What’s to stop Greece from continuing to use the Euro after they’ve ‘left’ the Eurozone? For instance, I live in Cambodia in which the US Dollar makes up 80 to 90% of all transactions even though the country also has its own currency. There are no US coins here so everything priced less than a dollar is in riel, the local currency. Also all transactions with the government are made in riels. Cambodia, as well as the several other countries who use the dollar as their own never asked America for its permission to use the dollar.
As long as the Greek people are going to deal with hardship anyway they’re better off defaulting. That way it can be cathartic and the citizenry can come together in a national forum and decide where they want their country to go rather than be forced to accept the nasty, punitive, neo-con economic prescriptions/ultimatums of the elite whose primary goal is to protect their banks and by way of inference, their investments. As I’ve stated repeatedly, there’s too much money at the top. If the 1% aren’t willing to give some of it up in increased taxes they should at minimum lose out for their poor investment choices. If the top are cut down to size, everyone else will benefit.
While Greece, the small potatoes, is in turmoil, Italy, the big cahuna, is teetering on the brink. It’s that old contagion thing: If Greece is having problems, then maybe Italy will be next, so let’s jack up the interest Italy has to pay now. The bywords of the recent international summits is: Calm the Markets; that’s the primary goal of the bailouts and rescue funds. If the financial community, which brought down the world economy with its shenanigans, is the least bit ‘jittery’ then they’ll force up interest rates to the point where countries can no longer sustain them, so that Italy last paid 6.6% on its bonds. It cannot go on very long at that rate before it can no longer meet its obligations.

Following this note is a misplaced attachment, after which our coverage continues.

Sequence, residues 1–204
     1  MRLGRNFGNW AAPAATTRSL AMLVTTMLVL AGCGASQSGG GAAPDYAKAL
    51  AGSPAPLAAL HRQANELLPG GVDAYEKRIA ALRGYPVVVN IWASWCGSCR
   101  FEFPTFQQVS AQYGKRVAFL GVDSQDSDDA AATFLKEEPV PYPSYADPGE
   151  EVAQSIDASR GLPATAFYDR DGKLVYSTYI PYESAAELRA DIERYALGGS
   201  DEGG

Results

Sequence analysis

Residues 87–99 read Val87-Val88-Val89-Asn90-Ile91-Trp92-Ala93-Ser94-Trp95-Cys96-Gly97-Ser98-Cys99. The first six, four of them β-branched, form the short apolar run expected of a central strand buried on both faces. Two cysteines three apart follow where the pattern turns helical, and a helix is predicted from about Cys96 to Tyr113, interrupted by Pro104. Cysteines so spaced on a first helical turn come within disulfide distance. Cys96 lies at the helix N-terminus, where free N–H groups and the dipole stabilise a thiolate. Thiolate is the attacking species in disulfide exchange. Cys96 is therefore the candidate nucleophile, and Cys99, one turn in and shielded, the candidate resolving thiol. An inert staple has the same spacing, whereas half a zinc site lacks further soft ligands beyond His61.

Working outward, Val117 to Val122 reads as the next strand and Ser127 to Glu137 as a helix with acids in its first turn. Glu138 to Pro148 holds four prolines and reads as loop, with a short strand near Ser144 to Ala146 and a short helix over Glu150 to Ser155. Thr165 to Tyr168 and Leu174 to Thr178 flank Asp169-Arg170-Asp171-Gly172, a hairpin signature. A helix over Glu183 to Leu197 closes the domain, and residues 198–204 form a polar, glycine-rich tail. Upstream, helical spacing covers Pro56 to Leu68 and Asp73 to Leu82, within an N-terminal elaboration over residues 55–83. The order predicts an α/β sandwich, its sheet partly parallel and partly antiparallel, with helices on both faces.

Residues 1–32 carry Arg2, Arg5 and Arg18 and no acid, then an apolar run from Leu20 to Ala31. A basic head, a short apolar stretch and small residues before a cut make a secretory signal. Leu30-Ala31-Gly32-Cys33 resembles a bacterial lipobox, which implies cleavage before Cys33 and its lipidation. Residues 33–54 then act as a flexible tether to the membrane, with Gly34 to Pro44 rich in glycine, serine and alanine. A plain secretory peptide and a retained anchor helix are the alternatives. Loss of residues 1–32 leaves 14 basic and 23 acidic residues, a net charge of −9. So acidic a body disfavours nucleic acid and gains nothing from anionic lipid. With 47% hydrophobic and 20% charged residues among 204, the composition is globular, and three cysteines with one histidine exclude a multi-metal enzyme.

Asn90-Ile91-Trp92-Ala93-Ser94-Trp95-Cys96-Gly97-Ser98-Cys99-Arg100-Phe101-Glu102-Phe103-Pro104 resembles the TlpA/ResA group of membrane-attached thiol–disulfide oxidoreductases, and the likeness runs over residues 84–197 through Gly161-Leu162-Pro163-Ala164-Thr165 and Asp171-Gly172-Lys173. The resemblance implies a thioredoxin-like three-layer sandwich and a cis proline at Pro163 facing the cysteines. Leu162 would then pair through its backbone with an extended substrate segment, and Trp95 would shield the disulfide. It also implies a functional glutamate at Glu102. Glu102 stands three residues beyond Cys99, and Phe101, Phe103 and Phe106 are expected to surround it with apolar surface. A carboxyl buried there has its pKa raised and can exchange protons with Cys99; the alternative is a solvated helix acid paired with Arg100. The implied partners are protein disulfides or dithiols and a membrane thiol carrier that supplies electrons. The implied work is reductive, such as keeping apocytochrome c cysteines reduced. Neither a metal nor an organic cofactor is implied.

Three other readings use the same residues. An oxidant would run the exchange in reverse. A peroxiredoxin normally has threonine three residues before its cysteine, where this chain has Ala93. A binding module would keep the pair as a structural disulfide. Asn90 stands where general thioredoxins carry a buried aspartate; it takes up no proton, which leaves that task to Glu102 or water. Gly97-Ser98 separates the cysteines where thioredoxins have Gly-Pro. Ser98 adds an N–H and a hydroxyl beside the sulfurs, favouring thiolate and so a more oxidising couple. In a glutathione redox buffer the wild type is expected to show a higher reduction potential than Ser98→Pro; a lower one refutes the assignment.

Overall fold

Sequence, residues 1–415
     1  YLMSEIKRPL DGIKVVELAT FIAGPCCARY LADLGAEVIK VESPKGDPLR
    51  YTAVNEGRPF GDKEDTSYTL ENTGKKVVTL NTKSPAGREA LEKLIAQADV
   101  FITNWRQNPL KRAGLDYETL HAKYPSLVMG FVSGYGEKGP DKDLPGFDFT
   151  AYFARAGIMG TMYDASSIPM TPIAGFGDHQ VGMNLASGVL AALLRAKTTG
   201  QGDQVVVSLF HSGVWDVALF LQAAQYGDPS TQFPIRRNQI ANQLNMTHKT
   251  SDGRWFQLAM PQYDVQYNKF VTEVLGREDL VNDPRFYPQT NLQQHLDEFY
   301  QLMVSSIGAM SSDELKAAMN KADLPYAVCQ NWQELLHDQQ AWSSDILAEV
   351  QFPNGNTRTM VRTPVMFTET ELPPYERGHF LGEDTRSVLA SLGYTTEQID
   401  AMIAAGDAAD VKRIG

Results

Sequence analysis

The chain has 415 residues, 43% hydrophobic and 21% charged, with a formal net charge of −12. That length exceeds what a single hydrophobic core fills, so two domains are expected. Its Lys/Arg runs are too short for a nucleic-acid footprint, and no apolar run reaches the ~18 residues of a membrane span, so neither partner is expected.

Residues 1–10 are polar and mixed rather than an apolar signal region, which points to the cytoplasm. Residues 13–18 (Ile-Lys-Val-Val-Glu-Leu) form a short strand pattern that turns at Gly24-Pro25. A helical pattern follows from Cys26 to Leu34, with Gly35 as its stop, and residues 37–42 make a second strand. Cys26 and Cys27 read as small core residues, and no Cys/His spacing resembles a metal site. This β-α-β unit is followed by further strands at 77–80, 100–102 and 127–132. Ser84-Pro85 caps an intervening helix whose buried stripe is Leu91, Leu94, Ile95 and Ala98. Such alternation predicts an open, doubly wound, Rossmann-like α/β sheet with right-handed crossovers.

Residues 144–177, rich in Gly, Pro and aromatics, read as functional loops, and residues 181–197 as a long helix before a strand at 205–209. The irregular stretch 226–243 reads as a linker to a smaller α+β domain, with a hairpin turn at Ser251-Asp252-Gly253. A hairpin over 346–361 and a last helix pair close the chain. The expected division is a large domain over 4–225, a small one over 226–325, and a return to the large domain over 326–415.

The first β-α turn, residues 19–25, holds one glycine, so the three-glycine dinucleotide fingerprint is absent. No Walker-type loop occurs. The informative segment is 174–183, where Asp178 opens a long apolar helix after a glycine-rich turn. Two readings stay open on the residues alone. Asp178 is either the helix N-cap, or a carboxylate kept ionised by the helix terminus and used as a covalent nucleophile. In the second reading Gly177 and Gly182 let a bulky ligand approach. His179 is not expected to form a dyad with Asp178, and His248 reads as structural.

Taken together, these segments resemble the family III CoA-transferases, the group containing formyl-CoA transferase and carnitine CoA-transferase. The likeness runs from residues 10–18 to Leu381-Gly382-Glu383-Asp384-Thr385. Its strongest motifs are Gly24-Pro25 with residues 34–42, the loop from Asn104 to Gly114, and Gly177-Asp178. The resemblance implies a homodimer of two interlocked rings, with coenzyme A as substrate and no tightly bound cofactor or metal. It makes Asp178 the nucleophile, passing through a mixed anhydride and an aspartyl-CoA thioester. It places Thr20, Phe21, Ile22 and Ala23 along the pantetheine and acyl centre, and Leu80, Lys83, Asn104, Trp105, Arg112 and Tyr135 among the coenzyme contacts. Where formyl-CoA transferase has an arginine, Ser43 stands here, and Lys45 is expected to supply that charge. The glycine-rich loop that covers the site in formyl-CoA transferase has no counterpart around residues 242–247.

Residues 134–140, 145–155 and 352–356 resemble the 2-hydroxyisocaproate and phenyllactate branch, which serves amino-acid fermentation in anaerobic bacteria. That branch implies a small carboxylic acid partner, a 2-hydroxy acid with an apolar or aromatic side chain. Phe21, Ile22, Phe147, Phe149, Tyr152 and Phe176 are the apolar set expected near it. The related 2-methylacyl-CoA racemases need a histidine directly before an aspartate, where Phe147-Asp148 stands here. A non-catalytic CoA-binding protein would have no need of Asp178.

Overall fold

Italy’s debt is very large, 120% of GDP, but its annual deficit actually isn’t, so it’s not really in the same predicament as Greece which is running very large deficits on top of its extremely high national debt ratio. Nonetheless, because the Markets rule, they decide whether a country passes or fails. Without the ‘Greek effect’ few people would be noticing Italy’s problems, or at least not think they were all that important or imperative. High debt doesn’t matter as long as the lender thinks the loan will be repaid. Witness the US which is currently paying very low interest in spite of its massive debt.